Dance Mission’s TropiCali Dancehall Workshop presents Crick Neck.
Choreography by Aimee Zawitz. Filmed and edited by Jaysin Ashbaugh. Performed by Tropicali Dancehall Workshop students.
As Wikipedia explains…
Dancehall is named after Jamaican dance halls in which popular Jamaican recordings were played by local sound systems. They began in the late 1940s among people from the inner city of Kingston, who were not able to participate in dances uptown. Social and political changes in late-1970s Jamaica, including the change from the socialist government of Michael Manley (People’s National Party) to Edward Seaga (Jamaica Labour Party), were reflected in the shift away from the more internationally oriented roots reggaetowards a style geared more towards local consumption and in tune with the music that Jamaicans had experienced when sound systems performed live. Themes of social injustice, repatriation and the Rastafari movement were overtaken by lyrics about dancing, violence and sexuality.
Musically, older rhythms from the late 1960s were recycled, with Sugar Minott credited as the originator of this trend when he voiced new lyrics over old Studio One rhythms between sessions at the studio, where he was working as a session musician. Around the same time, producer Don Mais was reworking old rhythms at Channel One Studios, using the Roots Radics band. The Roots Radics would go on to work with Henry “Junjo” Lawes on some of the key early dancehall recordings, including those that established Barrington Levy, Frankie Paul, and Junior Reid as major reggae stars. Other singers to emerge in the early dancehall era as major stars included Don Carlos, Al Campbell, and Triston Palma, while more established names such as Gregory Isaacs and Bunny Wailer successfully adapted.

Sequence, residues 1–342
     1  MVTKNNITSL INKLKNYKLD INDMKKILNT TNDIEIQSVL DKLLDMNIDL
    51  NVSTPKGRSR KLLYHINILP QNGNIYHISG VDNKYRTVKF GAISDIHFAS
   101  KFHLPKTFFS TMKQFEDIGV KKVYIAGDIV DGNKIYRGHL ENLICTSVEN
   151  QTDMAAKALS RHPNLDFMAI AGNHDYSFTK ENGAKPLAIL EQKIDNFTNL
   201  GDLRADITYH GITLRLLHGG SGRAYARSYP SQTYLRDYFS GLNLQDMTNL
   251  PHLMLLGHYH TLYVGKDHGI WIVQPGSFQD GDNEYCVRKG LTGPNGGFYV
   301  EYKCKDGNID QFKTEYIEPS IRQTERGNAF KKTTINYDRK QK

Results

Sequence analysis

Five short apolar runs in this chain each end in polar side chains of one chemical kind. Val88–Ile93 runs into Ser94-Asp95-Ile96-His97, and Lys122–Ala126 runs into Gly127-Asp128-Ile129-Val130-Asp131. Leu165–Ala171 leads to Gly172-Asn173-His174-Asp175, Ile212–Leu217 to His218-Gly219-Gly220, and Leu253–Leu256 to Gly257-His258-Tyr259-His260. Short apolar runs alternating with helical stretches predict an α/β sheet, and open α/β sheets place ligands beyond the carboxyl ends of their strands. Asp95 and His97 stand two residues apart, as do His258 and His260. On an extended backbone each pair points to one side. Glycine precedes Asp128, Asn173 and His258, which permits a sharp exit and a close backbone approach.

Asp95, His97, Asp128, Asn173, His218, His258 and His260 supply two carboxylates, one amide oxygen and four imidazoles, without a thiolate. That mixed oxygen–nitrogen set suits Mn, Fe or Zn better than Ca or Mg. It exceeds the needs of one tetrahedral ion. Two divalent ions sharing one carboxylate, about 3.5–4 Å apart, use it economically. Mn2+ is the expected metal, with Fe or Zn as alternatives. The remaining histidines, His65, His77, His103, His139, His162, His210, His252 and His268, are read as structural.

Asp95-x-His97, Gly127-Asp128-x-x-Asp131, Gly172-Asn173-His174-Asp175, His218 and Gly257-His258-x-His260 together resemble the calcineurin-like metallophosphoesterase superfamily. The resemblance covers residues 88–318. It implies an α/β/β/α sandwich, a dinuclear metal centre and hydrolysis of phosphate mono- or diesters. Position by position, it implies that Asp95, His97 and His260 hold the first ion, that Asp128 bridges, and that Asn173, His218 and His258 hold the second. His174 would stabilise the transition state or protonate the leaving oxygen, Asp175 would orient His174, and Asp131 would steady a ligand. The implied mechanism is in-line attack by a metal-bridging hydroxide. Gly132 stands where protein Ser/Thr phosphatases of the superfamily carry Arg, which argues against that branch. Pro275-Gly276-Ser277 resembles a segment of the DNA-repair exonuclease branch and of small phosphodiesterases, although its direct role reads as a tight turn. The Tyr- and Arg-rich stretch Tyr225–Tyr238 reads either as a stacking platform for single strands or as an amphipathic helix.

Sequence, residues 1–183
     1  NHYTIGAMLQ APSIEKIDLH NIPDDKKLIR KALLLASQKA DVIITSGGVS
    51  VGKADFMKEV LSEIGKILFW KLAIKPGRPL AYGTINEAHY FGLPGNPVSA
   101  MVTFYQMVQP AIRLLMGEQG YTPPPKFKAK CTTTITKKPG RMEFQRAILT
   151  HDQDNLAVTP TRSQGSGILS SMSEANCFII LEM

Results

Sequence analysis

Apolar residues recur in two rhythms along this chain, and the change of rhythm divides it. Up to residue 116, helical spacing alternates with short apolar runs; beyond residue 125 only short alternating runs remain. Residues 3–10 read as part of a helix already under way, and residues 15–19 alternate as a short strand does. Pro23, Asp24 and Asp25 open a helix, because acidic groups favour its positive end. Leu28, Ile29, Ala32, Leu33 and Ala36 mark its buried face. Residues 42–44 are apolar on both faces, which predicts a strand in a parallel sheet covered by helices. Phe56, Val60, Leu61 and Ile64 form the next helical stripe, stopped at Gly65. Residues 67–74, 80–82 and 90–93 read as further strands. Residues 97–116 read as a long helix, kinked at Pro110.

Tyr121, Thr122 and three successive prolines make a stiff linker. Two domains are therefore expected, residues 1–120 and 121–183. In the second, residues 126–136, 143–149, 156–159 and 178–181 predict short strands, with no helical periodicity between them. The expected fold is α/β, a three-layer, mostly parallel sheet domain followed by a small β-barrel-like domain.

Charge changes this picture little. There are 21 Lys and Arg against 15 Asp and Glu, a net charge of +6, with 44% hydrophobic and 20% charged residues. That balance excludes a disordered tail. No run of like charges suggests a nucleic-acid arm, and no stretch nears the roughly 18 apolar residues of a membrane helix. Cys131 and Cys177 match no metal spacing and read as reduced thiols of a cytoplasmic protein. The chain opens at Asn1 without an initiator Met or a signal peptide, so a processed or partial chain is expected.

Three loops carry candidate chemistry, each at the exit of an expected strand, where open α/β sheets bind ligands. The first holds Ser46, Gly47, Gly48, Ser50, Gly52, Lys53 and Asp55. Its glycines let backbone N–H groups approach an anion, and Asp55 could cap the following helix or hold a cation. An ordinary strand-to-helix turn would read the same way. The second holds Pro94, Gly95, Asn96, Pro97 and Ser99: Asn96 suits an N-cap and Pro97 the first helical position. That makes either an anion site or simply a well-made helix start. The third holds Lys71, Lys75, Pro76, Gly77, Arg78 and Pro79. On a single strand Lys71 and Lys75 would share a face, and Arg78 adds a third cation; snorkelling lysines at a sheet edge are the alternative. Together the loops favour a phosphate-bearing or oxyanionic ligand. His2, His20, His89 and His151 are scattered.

Sound systems such as Killimanjaro, Black Scorpio, Gemini Disco, Virgo Hi-Fi, Volcano Hi-Power and Aces International soon capitalized on the new sound and introduced a new wave of deejays. The older toasters were overtaken by new stars such as Captain Sinbad, Ranking Joe, Clint Eastwood, Lone Ranger, Josey Wales, Charlie Chaplin, General Echo and Yellowman — a change reflected by the 1981 Junjo Lawes-produced album A Whole New Generation of DJs, although many went back to U-Roy for inspiration. Deejay records became, for the first time, more important than records featuring singers. Another trend was sound clash albums, featuring rival deejays /or sound systems competing head-to-head for the appreciation of a live audience, with underground sound clash cassettes often documenting the violence that came with such rivalries.
Yellowman, one of the most successful early dancehall artists, became the first Jamaican deejay to be signed to a major American record label, and for a time enjoyed a level of popularity in Jamaica to rival Bob Marley‘s peak. The early 1980s also saw the emergence of female deejays in dancehall music, such as Lady G, Lady Saw, and Sister Nancy. Other female dancehall stars include artistes like Diana King and in the late 1990s to the 2000s Ce’ Cile, Spice, Macka Diamond and more.